be more important, but they also make attributions that in retrospect seem unwarranted, if not biased. That is, they reflect reality of the past that may not accurately represent the current or future nature of work. For example, Steinberg (1992) has shown that current systems for classifying occupations, such as the Dictionary of Occupational Titles and the Hay System, not only use managerial work as a baseline for assessing the complexity of other jobs, but they also tend to rate occupations traditionally filled by men (e.g., zookeeper) as more highly skilled than occupations traditionally filled by women (e.g., child care provider).
Unfortunately, outdated systems of occupational analysis and classification hamper more than the ability to assess the changing nature of work; they also create serious practical problems. As noted earlier, they are used by educators, employment counselors, military planners, policy makers, and parents.
Given the uncertain and multiple directions in which the nature of work may be changing and the fact that research on the topic is both scarce and diverse, determining whether and how work is changing and then recommending an approach for mapping an occupational structure carries risks. Particularly important is the failure to consider a sufficient range of perspectives and types of evidence. As a result, we have attempted to incorporate the contributions of a variety of disciplines.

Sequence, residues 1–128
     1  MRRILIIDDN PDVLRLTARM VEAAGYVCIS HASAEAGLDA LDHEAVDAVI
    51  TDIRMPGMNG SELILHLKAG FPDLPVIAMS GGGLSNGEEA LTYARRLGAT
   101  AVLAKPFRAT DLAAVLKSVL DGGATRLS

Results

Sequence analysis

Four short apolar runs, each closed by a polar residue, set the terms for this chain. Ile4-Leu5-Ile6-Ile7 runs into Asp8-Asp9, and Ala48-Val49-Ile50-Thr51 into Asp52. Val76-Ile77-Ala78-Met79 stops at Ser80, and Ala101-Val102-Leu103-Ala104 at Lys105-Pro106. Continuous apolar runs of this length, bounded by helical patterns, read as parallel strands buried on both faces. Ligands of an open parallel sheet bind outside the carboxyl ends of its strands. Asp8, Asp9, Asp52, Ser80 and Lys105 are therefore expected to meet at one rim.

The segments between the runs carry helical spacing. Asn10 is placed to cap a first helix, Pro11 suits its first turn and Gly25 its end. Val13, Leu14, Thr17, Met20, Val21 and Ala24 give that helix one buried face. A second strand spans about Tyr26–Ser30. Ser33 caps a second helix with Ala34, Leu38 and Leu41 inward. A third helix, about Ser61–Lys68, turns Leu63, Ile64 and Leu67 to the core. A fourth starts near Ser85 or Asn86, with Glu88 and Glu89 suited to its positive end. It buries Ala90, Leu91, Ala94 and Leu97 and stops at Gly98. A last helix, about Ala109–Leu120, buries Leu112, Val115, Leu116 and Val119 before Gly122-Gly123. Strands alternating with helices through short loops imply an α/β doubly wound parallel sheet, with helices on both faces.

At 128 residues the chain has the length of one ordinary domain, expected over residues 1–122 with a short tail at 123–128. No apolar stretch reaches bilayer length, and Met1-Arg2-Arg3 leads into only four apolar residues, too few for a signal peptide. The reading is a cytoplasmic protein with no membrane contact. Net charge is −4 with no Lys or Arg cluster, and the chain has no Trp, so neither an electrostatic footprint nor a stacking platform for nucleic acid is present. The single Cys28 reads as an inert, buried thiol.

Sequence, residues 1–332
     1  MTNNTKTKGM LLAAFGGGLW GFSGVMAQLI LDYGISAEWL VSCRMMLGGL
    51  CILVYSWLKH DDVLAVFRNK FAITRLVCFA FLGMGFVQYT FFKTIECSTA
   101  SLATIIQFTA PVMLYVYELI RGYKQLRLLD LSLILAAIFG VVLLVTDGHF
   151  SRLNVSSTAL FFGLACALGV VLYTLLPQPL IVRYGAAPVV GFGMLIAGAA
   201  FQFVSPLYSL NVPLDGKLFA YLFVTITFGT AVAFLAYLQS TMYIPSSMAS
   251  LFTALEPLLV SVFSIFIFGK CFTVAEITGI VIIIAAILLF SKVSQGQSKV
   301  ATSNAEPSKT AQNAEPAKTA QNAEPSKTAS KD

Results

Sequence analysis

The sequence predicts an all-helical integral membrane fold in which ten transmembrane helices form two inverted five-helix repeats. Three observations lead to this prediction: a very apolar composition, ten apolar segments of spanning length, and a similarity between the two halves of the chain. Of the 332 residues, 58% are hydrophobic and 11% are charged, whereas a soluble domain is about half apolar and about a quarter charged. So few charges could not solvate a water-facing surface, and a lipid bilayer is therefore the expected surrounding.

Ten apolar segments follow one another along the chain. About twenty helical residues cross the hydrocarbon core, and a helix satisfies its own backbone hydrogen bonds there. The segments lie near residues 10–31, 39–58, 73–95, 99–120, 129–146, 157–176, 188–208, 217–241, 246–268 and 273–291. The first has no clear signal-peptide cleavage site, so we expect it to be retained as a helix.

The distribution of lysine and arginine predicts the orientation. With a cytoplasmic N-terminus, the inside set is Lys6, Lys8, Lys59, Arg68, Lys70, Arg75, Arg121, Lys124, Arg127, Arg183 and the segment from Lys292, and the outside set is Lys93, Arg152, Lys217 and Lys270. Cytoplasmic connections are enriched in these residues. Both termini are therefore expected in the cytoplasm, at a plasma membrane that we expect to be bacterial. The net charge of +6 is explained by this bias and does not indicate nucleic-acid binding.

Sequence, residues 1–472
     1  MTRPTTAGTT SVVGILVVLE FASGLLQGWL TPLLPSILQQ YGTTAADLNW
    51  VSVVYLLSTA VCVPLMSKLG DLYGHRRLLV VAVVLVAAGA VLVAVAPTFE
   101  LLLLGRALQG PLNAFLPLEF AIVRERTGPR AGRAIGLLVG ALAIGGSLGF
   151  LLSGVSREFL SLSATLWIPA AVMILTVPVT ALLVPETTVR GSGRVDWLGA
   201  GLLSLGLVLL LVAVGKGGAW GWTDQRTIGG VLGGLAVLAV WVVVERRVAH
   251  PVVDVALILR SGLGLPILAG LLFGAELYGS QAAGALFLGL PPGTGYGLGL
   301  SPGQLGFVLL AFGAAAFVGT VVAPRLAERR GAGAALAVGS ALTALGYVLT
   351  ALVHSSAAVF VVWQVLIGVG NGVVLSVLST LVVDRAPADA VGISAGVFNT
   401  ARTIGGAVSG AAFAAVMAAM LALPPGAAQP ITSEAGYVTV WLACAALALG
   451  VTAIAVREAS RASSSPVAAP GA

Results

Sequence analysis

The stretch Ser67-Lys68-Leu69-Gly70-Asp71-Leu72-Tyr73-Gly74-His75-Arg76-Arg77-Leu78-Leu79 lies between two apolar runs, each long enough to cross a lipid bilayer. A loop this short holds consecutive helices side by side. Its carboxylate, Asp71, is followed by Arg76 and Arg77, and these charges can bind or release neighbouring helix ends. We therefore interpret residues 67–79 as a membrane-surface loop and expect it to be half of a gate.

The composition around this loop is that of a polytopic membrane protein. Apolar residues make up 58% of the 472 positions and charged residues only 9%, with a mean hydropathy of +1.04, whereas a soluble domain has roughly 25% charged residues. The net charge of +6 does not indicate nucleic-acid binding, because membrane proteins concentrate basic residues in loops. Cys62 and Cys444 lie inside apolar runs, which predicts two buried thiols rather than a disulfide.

Research on work and the workplace is found in many disciplines, including economics, labor relations, sociology, organization studies, anthropology, industrial and organizational psychology, and ergonomics. The methodological and substantive differences among these disciplines are useful for developing a broad understanding of how and why the nature of work may be changing. As changes occur, they must be examined and understood at three levels of analysis: (1) work and the individual practitioner, (2) organizations and other institutions in which the work is embedded, and (3) the economy and society as a whole. The different disciplines typically have more to say about one level of analysis than the others. In general, anthropology, industrial and organizational psychology, and ergonomics focus on the